Blood Donor

Do You Have It in You to Donate Blood?

At least two people will need blood by the time you finish reading this sentence. That’s because every two seconds someone in the U.S. needs blood according to the American Red Cross.

Surgeries, cancer treatments, chronic illnesses, and traumatic injuries all require some blood product. It could be whole blood, red cells, platelets, or plasma. We all have it within us to make a potentially life-saving donation. Yet less than 38% of the population is eligible to give blood or platelets. Fewer than 10% do it annually.

The demand for blood is even greater during the pandemic as donations have plummeted because of the COVID-19 virus. But anyone who is symptom-free and feeling well is eligible to donate.

What’s Involved?

The actual donation of blood doesn’t take more than about 10 minutes. You will spend more time answering questions and having things like your iron and blood pressure checked, than you will giving a pint of blood.

Whole blood donors can give every 56 days. They must be in good health, feeling well, and weigh at least 110 pounds. Donors can give when they’re 16 if they have a guardian’s written permission.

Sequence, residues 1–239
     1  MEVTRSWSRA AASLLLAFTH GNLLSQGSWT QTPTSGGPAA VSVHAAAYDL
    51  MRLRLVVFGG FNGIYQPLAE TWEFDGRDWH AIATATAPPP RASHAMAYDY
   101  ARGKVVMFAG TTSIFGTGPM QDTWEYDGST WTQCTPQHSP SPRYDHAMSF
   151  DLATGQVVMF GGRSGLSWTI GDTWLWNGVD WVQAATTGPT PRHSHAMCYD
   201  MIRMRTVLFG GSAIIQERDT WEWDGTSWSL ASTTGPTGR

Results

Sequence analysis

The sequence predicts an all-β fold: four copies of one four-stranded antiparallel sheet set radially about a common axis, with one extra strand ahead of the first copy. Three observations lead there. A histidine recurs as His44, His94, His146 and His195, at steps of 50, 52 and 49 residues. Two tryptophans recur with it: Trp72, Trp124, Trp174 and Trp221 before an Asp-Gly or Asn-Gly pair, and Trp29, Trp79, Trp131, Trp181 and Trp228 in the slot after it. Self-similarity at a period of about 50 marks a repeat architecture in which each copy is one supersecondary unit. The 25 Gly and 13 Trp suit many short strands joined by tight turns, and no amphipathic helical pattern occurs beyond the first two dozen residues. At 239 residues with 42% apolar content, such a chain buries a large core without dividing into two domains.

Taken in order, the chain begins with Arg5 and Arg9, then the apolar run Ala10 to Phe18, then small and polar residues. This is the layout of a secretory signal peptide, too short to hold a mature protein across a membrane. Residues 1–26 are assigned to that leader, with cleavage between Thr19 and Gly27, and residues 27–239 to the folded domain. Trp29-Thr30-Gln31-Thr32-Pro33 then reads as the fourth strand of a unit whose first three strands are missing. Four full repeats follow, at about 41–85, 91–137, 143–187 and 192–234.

Donors are registered, will present identification, get some information about donating blood, and provide an address for mail in case the donation center needs to follow up. They will also answer a few health questions, including information about travel. Temperature, pulse, blood pressure, and hemoglobin level are all checked.

The technician or phlebotomist will clean the area for the donation and insert a brand new, sterile needle to draw the blood. They will then bandage your arm after a pint is collected. You will be sitting or lying down the entire time. Afterward, you’ll get a snack, and if you’re feeling well, you’re free to go.

People can also donate platelets. This involves getting hooked to a machine that will take a little of your blood, remove the platelets, and return the blood to your other arm. This cycle gets repeated several times over about two hours. Donors are usually lying down under warm blankets. They also get to watch movies.

Woman Blood Donor

What Happens to Your Blood?

Donation is just the first step of your blood’s journey. After that it’s:

  • Processed — During processing it’s separated into transfusable components like red blood cells, platelets, and plasma. The components are packaged as units which is a standard amount.
  • Tested — This happens at the same time as the processing. The tests determine blood type and check for infectious diseases like HIV, hepatitis, syphilis, zika virus, or west Nile. Donors are notified if their samples test positive for infections. Their donations are also discarded.
  • Stored — Suitable units are labeled and stored as red blood cells (for 42 days), platelets (for up to five days), and plasma can be frozen for up to one year.
  • Distributed — It will eventually get shipped where it’s most needed.
  • Transfused — Eventually it finds its way into patients who are having surgery, have been in accidents or burned, are being treated for cancer, or have chronic diseases like sickle cell anemia.

Excuses not to Donate

People are always finding reasons not to donate, despite the desperate need. They include: